Left Jerusalem – rode over a desolate country until we came to Bethel.
Here we took lunch at Jacob’s Well and then went as far as Dinjil,
where we encamped. On either side of the path the hills were terraced with
fig and olive trees. The latter looked particularly beautiful as their grey
leaves were swayed back and forth by the wind in the bright sunlight. There
are some heavy clouds which now and then give us a shower. It is real April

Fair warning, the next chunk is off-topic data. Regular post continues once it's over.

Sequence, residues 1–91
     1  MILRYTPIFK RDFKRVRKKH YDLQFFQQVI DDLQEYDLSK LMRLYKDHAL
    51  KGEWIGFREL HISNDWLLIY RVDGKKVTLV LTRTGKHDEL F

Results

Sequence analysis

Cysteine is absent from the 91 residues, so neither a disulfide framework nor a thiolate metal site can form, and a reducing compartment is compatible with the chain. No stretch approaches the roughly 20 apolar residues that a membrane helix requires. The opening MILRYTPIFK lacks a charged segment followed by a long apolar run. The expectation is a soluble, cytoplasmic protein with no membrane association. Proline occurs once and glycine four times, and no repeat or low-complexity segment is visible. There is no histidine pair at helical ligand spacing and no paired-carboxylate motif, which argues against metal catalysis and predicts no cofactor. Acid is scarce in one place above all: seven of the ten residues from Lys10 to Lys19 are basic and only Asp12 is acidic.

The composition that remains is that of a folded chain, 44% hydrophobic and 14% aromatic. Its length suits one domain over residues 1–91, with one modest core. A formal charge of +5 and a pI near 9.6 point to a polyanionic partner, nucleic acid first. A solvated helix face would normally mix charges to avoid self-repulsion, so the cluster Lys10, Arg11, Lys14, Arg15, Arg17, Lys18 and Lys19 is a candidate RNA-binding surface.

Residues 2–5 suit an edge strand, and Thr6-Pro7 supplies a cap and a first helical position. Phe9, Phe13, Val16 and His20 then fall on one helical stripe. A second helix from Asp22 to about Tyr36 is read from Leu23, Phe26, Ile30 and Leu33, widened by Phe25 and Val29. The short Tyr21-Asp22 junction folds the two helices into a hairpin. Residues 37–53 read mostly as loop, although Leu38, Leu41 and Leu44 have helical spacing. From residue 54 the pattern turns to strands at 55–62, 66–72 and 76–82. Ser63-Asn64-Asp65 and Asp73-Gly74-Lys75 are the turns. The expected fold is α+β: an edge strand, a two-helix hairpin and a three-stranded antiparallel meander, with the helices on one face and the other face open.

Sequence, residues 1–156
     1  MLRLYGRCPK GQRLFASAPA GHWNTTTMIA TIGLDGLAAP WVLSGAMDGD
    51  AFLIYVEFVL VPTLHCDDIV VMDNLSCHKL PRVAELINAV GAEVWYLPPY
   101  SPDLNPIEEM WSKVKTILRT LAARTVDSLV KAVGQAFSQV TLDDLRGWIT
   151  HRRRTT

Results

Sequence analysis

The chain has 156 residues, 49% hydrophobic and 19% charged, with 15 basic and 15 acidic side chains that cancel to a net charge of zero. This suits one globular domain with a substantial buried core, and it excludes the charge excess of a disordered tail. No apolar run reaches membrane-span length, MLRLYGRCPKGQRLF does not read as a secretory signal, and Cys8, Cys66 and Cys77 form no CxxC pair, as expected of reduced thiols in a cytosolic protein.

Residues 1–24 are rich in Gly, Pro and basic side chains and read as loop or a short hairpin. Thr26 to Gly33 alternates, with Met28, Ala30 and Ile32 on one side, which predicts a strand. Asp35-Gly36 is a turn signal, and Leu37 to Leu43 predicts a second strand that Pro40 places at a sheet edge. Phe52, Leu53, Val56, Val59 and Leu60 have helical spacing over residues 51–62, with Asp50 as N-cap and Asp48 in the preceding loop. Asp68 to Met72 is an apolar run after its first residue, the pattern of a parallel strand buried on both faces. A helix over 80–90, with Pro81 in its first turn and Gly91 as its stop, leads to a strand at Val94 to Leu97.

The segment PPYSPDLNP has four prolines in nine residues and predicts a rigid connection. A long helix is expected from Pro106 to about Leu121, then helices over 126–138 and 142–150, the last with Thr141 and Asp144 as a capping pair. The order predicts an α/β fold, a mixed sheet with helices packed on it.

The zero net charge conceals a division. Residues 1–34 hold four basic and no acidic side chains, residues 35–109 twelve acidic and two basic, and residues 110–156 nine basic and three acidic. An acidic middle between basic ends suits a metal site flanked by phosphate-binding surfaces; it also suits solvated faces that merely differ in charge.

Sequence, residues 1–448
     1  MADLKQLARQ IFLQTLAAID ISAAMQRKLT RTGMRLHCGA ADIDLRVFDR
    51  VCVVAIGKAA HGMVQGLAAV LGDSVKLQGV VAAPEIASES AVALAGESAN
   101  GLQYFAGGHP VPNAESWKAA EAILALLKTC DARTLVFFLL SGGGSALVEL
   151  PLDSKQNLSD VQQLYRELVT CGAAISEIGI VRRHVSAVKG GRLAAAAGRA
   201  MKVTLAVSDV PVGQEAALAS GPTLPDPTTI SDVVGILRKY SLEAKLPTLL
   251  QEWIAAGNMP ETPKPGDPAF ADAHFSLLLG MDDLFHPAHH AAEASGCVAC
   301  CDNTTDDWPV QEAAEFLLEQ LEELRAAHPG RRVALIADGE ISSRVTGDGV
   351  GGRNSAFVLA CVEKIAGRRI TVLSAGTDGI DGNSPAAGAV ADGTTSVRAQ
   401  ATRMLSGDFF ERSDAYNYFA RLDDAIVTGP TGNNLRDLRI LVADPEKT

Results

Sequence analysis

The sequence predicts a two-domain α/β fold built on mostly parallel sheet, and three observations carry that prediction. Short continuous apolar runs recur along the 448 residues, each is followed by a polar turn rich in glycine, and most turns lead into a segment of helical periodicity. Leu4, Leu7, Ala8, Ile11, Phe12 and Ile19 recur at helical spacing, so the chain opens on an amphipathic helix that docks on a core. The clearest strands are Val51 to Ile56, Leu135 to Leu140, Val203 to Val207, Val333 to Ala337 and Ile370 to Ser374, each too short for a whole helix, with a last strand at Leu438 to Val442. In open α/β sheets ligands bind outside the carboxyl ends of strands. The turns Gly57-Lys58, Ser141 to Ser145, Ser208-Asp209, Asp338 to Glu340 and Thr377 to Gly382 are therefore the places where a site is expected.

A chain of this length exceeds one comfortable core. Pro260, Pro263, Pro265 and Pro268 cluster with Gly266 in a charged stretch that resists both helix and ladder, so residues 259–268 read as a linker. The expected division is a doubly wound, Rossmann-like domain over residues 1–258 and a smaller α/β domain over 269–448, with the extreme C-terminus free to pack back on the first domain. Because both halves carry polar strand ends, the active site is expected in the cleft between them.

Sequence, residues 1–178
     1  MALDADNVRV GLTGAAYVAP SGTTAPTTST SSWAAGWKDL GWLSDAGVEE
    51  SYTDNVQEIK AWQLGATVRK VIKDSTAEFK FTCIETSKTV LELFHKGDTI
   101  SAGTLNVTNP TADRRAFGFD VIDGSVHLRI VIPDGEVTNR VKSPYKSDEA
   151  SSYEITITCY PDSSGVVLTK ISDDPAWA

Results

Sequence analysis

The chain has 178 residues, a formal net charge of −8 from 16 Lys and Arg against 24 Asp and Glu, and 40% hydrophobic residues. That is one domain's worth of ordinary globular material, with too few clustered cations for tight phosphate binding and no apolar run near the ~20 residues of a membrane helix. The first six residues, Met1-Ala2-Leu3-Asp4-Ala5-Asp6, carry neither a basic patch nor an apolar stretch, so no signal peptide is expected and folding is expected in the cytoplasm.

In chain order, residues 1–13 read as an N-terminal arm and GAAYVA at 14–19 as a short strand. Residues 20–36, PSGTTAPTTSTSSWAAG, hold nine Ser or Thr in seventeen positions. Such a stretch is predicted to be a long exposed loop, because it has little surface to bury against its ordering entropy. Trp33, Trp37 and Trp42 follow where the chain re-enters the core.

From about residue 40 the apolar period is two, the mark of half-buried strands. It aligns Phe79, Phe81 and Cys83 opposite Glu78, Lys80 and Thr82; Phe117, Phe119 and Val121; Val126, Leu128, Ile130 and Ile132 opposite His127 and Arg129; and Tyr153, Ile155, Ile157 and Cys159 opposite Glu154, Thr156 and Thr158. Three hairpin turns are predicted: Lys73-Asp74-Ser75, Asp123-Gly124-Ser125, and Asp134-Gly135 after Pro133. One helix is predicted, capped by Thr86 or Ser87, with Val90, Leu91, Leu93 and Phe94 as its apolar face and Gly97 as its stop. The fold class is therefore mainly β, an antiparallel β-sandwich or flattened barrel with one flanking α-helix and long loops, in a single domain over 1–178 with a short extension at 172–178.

Tuesday – We have passed through some most beautiful country today. The landscape views were lovely. The land is cultivated everywhere allowable in this stony ground. The villages on the hillsides are romantically situated in the midst of olive and fig trees. We passed through several heavy showers, reaching the well of Samiarin in one, being compelled to wait until it was over, before we could get down to look at the well. We realized its depth by throwing a stone into it. This was spoken by the woman in her conversation with Christ. Leaving the well we soon arrived at Nabulus (the ancient Shechinah). Here we encamped for the night. Just to the North of Jacob’s well is Joseph’s tomb. The vale of Nabulus is watered by several fountains running all through the town. We have in full view Mt. Ebal and Mt. Geizim, (Chaps. of Deut. 27 and 28.) which are opposite each other. We have had a pleasant walk through Nabulus, first to the Moslem Mosque then to the Samaritan Church, where the Chief of the Samaritans showed us the oldest HS in the world – 3300 years old. After this we walked to his house, which he invited us to enter accepting his offer of hospitality we were conducted up several flights of steps from each of which we had a fine view of Mt. Gerizim and the surrounding country. We were shown into his bedroom, a nice clean room. Here we were invited to take some coffee and Samaritan wine. His wife was a pretty woman of twenty-three was brought in and introduced to us. Her head was more elaborately dressed than any we have yet seen. She had a number of large gold coins hanging just over her forehead and a string of small ones on either side. Her hair was braided in a number of plaits, and the back of her head dress consisted of long strands of black silk hanging down to her waist; to each strand a gold coin was attached, worth about five or six plasters. All these were given to her at the time of her marriage. This is one of their customs. Also with a handsome suit of clothes. We now returned to our tents which were pitched in the beautiful valley of Nabulus, within the noise of running waters. We have met with springs and fountains all through Palestine. It seems each day more beautiful; it appears indeed a land flowing with milk and honey. The people of Nabulus appeared very busy. We saw many engaged with their trades. We have passed numbers of trees clothes in their fresh spring verdure, the olive, fig pomegranate, apple, arbutus, apricot and a variety of vines and small shrubs. We purchased a piece of Samaritan writing from the Chief. He is a pleasant man. Had been in London with Dr. Wilson and is mentioned in his Lands of the Bible, which I must read before I go home.